Last week marked the 50th anniversary of the death of Patsy Cline. With an unmistakable voice and a sassy stage presence, she remains the most influential female vocalist in the field of country music.
Born Virginia Patterson Hensley, her childhood was filled with singing and dancing. When she was 15 years old, her parents separated. Following the departure of her father, she dropped out of school. Soon, she was singing anywhere that she could land an engagement. Music became a matter of economic survival. She and her mother were extremely close and the strength of their bond would be what allowed her to prevail through several ups and downs in show business.
After a stint of performing solo at taverns, beer joints and clubs, she joined a local band — Bill Peer and the Melody Boys. Wrongly assuming her middle name was Patricia, Peer chose Patsy as her stage name. In 1953, she married Gerald Cline, thus creating Patsy Cline.
Soon after her marriage, she went to Nashville and made a guest appearance on Ernest Tubb’s “Midnight Jamboree” radio program. Later, she became a regular on the syndicated radio show “Town and Country Time.” In 1954, she began recording for 4-Star Records. Three years later, Cline had her first hit record, “Walkin’ after Midnight.” Also in 1957, she got divorced and married Charlie Dick.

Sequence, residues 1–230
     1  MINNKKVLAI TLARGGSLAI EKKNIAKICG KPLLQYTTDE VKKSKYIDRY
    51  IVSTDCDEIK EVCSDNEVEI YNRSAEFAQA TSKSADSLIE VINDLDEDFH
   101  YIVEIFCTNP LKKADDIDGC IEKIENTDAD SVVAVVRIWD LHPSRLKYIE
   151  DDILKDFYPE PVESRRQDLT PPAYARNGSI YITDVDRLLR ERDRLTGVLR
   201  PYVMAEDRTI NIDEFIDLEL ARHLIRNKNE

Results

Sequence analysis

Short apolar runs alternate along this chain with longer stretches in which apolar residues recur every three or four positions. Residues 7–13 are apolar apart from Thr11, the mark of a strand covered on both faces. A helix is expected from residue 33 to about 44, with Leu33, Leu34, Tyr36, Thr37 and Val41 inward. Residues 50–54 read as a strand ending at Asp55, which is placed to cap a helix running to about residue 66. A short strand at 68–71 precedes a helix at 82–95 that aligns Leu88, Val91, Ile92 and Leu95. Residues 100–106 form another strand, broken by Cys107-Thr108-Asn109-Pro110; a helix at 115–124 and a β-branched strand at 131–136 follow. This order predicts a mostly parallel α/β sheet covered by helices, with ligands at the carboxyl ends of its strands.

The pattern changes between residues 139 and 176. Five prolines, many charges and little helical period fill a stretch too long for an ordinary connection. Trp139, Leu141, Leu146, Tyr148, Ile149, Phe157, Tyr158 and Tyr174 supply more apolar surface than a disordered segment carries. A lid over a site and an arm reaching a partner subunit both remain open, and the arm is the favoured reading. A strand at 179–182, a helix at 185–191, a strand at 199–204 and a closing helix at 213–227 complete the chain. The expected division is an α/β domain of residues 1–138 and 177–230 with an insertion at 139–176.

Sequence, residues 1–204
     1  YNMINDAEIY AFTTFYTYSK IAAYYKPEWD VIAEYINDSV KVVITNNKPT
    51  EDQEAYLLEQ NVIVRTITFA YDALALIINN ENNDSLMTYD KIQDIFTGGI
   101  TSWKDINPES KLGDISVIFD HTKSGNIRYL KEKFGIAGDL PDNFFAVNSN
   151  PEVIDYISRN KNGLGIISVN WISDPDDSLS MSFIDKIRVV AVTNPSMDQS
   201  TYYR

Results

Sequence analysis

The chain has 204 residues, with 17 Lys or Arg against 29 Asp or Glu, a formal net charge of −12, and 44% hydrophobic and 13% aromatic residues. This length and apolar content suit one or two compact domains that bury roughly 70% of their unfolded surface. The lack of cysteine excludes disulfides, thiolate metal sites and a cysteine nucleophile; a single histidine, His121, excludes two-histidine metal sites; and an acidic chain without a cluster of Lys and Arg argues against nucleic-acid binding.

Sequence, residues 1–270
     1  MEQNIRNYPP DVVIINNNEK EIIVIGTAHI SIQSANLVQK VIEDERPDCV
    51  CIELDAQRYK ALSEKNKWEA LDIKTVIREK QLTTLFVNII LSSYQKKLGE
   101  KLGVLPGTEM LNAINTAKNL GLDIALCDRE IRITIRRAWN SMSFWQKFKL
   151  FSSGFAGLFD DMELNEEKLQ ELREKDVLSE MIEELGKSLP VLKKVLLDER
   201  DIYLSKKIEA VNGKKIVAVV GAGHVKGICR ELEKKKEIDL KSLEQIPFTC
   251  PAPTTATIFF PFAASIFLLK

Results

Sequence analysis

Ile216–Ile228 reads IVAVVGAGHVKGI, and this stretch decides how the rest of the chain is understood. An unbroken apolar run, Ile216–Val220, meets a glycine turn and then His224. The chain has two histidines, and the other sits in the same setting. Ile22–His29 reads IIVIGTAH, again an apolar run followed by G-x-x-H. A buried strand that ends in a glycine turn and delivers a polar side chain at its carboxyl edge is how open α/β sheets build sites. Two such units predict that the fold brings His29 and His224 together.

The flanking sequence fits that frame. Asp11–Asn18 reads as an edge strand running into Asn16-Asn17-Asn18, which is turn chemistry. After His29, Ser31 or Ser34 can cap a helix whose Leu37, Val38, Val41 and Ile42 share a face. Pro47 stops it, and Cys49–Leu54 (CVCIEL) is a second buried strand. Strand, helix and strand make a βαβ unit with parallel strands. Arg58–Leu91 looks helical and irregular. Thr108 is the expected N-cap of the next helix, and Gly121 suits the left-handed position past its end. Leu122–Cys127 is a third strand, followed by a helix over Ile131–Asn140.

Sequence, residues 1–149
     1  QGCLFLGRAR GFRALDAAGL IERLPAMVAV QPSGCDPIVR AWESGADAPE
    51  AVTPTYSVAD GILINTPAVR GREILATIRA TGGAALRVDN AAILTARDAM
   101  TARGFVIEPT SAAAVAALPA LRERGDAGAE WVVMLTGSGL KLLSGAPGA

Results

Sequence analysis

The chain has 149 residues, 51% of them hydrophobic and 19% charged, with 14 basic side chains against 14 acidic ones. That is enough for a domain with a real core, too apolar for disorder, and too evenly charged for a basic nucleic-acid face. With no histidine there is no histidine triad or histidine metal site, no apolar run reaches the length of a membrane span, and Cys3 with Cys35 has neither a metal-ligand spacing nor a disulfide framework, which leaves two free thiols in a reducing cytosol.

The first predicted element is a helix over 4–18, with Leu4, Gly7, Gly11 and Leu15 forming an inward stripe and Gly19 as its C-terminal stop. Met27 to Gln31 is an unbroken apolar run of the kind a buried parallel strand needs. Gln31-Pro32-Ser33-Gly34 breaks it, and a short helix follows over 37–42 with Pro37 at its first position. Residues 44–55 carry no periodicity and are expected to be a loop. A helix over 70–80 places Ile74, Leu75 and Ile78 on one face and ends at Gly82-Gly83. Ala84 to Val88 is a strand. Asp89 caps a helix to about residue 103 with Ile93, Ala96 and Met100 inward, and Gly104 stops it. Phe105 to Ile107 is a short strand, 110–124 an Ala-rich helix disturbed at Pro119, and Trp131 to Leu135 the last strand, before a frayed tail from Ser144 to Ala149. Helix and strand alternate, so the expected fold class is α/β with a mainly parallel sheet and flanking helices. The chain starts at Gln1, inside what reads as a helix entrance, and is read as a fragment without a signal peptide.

In 1960, her childhood dream of being a member of the Grand Ole Opry came true. Later that year, Cline moved to Decca Records and soon had her first number one single, “I Fall to Pieces.” The song stayed on the country charts for 39 weeks and crossed over to peak at No. 15 on the pop chart.
Industry higher-ups were quick to speculate on whether Cline could follow the success of “I Fall to Pieces.” She profoundly answered with “Crazy.” Written by Willie Nelson, the tune became a country music standard. In 1962, Cline delivered “She’s Got You,” which spent five weeks at No. 1.
Under the keen production of Owen Bradley, the sophistication of her recordings was paying huge dividends. Cline was suddenly on the top rung of the country music ladder. Unfortunately, tragedy struck.
Along with Cowboy Copas, Hawkshaw Hawkins and Randy Hughes, Cline journeyed back from a benefit show in Kansas City to Nashville in a small private plane that crashed near Camden, Tenn., on March 5, 1963, killing all passengers. By the end of the year, she posthumously scored two more hits, “Sweet Dreams” and “Faded Love.”
Ten years after that fatal crash, Cline became the first female to be elected to the Country Music Hall of Fame — a fitting accolade for a lady who not only opened doors for female artists, but knocked them down. Although her extraordinary voice was silenced at the age of 30, she remains an icon for women in country music.
Beebe writer Charles Haymes is a member of the Country Music Association and the International Bluegrass Music Association. Email him at email@example.com.